1. Excellent review!! Your CrystalDiskMark scores are dead-on the same as what I get with a single Kioxia XPG6 512GB (what the unit came with-contemplating storage upgrades at the moment). I’m thinking RAID isn’t set up correctly in your unit? My hardware specs aren’t anywhere near as impressive, nonetheless, for reference; I7-10750H, Quadro T2000, 32GB memory.

  2. Although I’m going strictly from memory, as I wiped out my benchmark folder on a reinstall by not paying attention (oops), but I do recall using Peak Performance NVME mode in CDM, with numbers topping out at just under 32xx and just over 29xx.. I don’t recall my random 4k or other results being as impressive as what you obtained though, plus I just notice the size of the c: volume as 3.8TB, so I have to retract my earlier thoughts about the raid not being set up correctly… That just seems odd that the peak numbers would match a single drive of the same manufacturer/series so closely. I do recall those numbers very clearly… Will run CDM again just out of curiosity..

  3. It’s a complete shame that Intel has such an iron grip on OEMs like Lenovo. Objectively inferior processors are going into “professional” machines now simply due to forced brand loyalty. Ryzen 4000 or 5000 series chips in these laptops would make them a far, far more compelling offering if paired alongside RTX 3080s for premier graphics performance. The sheeple will, of course, continue to recommend and to buy these units for the foreseeable future even as the performance and efficiency disparities between AMD and Intel grow. I’ll be skipping Lenovo’s offering here, yet again.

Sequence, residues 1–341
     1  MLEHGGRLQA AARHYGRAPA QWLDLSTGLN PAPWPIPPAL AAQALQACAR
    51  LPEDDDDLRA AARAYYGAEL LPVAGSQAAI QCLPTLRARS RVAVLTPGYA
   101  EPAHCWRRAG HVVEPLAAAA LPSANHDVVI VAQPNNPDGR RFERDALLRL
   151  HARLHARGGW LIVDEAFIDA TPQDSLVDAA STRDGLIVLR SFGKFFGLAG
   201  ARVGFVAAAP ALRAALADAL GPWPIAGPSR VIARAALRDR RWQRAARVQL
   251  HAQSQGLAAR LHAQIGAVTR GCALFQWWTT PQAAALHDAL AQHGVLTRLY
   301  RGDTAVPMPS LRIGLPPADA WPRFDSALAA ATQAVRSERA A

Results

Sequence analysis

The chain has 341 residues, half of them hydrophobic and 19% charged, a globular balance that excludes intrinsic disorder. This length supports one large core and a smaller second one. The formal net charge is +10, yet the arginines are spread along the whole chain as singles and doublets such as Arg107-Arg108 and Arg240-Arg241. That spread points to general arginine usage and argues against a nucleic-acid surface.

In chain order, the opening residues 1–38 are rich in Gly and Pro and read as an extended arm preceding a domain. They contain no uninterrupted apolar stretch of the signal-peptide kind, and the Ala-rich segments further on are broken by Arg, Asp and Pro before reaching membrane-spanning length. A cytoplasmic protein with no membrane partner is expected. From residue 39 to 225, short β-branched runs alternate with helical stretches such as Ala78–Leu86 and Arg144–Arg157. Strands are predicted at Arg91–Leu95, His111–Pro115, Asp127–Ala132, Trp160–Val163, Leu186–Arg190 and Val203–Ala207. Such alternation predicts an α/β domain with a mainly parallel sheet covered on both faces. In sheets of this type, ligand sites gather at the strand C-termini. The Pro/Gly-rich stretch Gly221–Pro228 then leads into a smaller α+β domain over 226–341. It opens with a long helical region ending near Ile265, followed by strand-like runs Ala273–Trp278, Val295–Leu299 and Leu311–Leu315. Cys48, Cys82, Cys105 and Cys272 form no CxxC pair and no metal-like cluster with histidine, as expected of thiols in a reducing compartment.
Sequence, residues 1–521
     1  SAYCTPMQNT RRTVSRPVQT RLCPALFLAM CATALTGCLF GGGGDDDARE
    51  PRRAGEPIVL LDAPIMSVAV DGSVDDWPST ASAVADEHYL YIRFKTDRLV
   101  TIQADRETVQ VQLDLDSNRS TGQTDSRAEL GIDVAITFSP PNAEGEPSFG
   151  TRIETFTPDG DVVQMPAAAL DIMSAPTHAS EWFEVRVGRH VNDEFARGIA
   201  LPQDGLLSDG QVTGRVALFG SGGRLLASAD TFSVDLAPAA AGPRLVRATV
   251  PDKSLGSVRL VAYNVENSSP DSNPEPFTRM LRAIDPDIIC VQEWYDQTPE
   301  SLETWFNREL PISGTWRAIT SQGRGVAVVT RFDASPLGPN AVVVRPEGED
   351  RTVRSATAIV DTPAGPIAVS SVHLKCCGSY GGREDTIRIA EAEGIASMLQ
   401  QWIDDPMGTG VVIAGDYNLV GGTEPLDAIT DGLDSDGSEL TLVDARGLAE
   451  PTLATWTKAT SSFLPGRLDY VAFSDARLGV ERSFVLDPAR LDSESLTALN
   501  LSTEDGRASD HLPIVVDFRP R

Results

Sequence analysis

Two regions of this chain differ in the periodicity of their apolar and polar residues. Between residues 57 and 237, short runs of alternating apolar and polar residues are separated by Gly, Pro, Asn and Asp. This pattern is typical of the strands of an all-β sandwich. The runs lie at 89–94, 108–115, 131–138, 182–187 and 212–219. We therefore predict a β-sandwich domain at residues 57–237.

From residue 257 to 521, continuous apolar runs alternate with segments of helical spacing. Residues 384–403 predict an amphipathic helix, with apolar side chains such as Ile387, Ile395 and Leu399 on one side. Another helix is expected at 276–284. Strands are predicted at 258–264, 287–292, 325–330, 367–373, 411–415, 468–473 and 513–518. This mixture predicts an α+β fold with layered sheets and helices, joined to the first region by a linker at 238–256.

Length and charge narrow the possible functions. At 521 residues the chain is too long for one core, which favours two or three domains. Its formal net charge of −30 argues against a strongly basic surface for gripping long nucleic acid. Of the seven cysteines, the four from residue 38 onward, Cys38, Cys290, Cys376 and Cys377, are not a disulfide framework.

4. I liked the keyboard action and feedback response from my old Lenovo laptop, but did not like how the keys were arranged. That is because after using a full size keyboard, would often strike the delete, not the backspace key, by accident, and sometimes there was no going back.

  5. Josiah,

    I don’t think that the CPU has much impact on the GPU performance and hasn’t for a very long time.

    I’d save my criticism for nvidia needing to do more with storage DMA and laptop vendors needing to afford the space to install PLP Optane, before I really feel like I should start bleating.

    The fact is though, that possibilities like that definitely exist for the horizon, and until then I am buying laptops with a unusual cadence because covid brought forward so many usability and performance based usability requirements earlier than we planned for a general horsepower uplift, and just as I’m writing this maybe what I have said is a reason why a lot of people are feeling underwhelmed by the latest offerings, right now.

  6. I’m using a two year old ThinkPad P71 mobile workstation with max specs from that time: Xeon E3-1515M V6 (Kaby Lake QuadCore), 32GB DDR4 ECC, nVidia Quadro P5000 16GB VRAM (nVidia Pascal generation, performance equals nearly a GTX1080), UHD 4K IPS display.

    To my surprise Lenovo preinstalled Windows in the Windows 10 Pro for Workstations edition (Kernel features more functions from the Windows Server editions).